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Google is now selling a special $50 key that adds an extra layer of security when you access important online accounts. It's called the Titan Security Key, and I recently started using one.
Here's why it matters: Normally, you might just use a password to log in to all of your online accounts, like Gmail, Facebook and Dropbox. That's not very secure, even if you use a different password everywhere. Maybe you've upped your security to two-factor authentication, which can send a text message to your phone that's required in addition to a password each time you log in. But even that isn't as secure as the Titan Security Key.
Instead, Google's Titan Security Key is a piece of hardware that acts as the master password for everything you need to access. Just don't lose it.
I tested it out and it's pretty neat. Here's what you need to know.
The Titan Security Keys meet standards set by the FIDO alliance. You don't need to know much more, other than the alliance publishes secure specifications and certifications that other companies can use to add another layer of security to their products.
With keys like the ones Google has — they're called FIDO U2F (Universal Second Factor) — users can help prevent phishing attacks, so-called man-in-the-middle attacks (where someone might intercept that special two-factor text message) and more.
You still need to enter a password to access your account but then, just like a home key or a set of car keys, you need the physical key to gain entry to your account. You can't just use a password.
Google specifically recommends that IT administrators, journalists, activists, business leaders and political campaign teams use these sorts of keys. Google says the FIDO U2F protocol, which its Titan keys support, is so secure that it hasn't had "a single reported or confirmed account takeover due to password phishing" since it started using them with its own employees.
Google sent me the $50 Titan Security Key bundle to test.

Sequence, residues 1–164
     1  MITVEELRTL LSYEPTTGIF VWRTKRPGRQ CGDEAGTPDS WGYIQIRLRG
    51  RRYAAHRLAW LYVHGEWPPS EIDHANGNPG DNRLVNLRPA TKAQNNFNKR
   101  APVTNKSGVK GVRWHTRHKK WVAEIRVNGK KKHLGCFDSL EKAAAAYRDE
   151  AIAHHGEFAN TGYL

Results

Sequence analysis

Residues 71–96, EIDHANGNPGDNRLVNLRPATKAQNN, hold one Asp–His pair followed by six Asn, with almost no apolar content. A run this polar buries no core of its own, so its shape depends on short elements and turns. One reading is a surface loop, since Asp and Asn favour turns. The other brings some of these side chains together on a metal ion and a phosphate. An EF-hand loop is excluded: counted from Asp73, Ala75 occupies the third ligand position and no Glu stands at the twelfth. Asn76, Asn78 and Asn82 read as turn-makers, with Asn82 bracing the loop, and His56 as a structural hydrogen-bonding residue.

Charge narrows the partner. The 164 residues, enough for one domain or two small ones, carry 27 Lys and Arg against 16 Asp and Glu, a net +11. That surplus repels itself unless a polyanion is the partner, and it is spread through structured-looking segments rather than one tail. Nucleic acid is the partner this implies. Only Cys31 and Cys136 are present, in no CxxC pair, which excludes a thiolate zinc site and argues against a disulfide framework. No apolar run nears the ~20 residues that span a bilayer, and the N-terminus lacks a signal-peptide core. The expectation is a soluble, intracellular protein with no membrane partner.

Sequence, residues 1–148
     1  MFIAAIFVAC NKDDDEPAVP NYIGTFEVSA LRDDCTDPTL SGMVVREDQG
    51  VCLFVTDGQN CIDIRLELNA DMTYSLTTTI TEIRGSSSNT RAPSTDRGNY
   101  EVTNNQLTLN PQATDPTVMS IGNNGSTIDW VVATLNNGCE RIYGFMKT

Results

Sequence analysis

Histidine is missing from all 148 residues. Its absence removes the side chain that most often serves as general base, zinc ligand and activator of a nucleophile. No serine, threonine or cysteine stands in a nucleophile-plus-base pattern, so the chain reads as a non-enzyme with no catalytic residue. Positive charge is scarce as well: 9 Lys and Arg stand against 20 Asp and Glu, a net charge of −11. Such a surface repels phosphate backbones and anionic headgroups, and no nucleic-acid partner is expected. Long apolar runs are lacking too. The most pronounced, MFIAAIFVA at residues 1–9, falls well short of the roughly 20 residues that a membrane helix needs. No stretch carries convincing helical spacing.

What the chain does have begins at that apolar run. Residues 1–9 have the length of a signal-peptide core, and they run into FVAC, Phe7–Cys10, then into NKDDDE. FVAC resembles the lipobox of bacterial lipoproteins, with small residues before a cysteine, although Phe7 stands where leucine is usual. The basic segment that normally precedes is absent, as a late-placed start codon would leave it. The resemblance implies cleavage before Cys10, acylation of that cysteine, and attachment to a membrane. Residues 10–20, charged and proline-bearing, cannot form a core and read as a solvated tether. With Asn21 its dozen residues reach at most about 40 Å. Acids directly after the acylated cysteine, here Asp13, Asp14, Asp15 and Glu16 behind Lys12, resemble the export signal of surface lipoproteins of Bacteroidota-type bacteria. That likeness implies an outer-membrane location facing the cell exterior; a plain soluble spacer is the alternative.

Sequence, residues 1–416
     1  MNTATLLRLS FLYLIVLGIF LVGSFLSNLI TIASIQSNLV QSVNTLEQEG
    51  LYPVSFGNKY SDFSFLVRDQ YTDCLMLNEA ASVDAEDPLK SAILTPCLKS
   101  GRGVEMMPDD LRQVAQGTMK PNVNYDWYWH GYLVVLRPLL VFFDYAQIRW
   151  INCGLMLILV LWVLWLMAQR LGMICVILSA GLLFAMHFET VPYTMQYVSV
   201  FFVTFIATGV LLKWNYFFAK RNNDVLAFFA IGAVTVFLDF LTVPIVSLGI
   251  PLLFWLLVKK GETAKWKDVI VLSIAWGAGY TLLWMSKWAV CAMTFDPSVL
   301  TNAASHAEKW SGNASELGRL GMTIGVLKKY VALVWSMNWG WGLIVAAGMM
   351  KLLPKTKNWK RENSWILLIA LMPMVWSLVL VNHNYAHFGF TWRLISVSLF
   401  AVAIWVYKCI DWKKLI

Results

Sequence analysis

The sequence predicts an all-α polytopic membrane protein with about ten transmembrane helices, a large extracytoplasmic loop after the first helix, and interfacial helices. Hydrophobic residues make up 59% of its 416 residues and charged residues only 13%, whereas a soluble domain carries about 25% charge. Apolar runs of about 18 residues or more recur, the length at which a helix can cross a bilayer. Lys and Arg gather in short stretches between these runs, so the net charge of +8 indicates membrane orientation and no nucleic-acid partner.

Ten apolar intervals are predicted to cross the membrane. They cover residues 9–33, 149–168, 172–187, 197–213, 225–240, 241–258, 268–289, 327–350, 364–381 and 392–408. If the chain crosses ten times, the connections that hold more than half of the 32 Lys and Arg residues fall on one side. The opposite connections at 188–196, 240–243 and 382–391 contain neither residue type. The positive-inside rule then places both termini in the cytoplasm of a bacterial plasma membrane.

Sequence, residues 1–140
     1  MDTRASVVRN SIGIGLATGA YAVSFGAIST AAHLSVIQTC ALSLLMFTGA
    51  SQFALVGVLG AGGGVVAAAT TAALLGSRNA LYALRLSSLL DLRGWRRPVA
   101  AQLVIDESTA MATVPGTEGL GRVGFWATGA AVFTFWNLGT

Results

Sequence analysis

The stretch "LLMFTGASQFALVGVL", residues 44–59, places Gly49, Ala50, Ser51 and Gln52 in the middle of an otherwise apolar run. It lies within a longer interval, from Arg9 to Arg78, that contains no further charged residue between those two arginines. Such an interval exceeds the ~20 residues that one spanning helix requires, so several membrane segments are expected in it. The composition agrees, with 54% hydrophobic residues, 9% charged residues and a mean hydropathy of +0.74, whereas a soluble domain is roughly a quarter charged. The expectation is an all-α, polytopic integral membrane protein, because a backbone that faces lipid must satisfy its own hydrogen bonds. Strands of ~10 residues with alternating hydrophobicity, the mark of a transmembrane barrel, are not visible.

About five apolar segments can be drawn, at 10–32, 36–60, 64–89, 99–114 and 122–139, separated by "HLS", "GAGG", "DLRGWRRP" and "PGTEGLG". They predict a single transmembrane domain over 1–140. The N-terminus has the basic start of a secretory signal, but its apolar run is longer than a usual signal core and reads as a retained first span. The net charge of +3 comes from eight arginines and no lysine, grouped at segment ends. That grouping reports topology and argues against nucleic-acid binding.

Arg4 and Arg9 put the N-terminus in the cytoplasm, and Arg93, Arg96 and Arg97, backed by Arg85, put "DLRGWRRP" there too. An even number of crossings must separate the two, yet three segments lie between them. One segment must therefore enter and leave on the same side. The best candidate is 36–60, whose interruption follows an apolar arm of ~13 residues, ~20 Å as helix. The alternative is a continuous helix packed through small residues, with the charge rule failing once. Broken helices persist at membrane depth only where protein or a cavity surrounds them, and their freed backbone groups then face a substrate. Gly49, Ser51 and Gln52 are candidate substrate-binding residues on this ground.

The bundle includes two types of keys: one that plugs into your USB port and one that connects to phones with Bluetooth.
Setup was a cinch. I just went to Google's two-factor authentication page, chose the option to add a new security key and then plugged each key into my computer, one by one. Google took care of the rest in a matter of seconds, and told me I was all set up.
Now, whenever I log into my Google account, either on my own computer or one I might be borrowing, I need to first enter my password and insert the USB key into the computer and tap a small gold button on it. If I'm logging into Gmail on a phone, I just tap the button on the Bluetooth key. If I don't have the keys, I can't get in to my accounts.
Google is adding NFC support later this year, which will let you log in to your Google account on an Android device by tapping the key to the back of your phone. For now, Bluetooth works just fine on Android and iPhone.
Other sites take advantage of these keys, too, including Facebook and Dropbox. You just need to dig into the security settings of the services you want to connect and select the option to use a security key, if there is one. Unfortunately, many sites and services don't support the key yet.
I like the peace of mind it gives me, knowing that it's much harder for someone to break into my most important online accounts, like Google.
On the other hand, I'm seriously worried about losing the Titan Security Key. It's tiny, and while I can connect it to a keychain, sometimes I accidentally misplace it. (Who hasn't lost their keys?) Also, the Bluetooth module needs to stay charged, and Google suggests that you don't ever let it fully drain. It's best to plug it in whenever you sit down at a computer.
Also, while I like that it was built by Google and should theoretically be catered to keep your account even more secure than other options, you can buy similar keys for about $20 each.
If you lose the Titan Security Key, you can try to gain access again from a computer where your account is still logged in, or waiting three to five days for Google's help resetting your password. That's the price you pay for added security, though.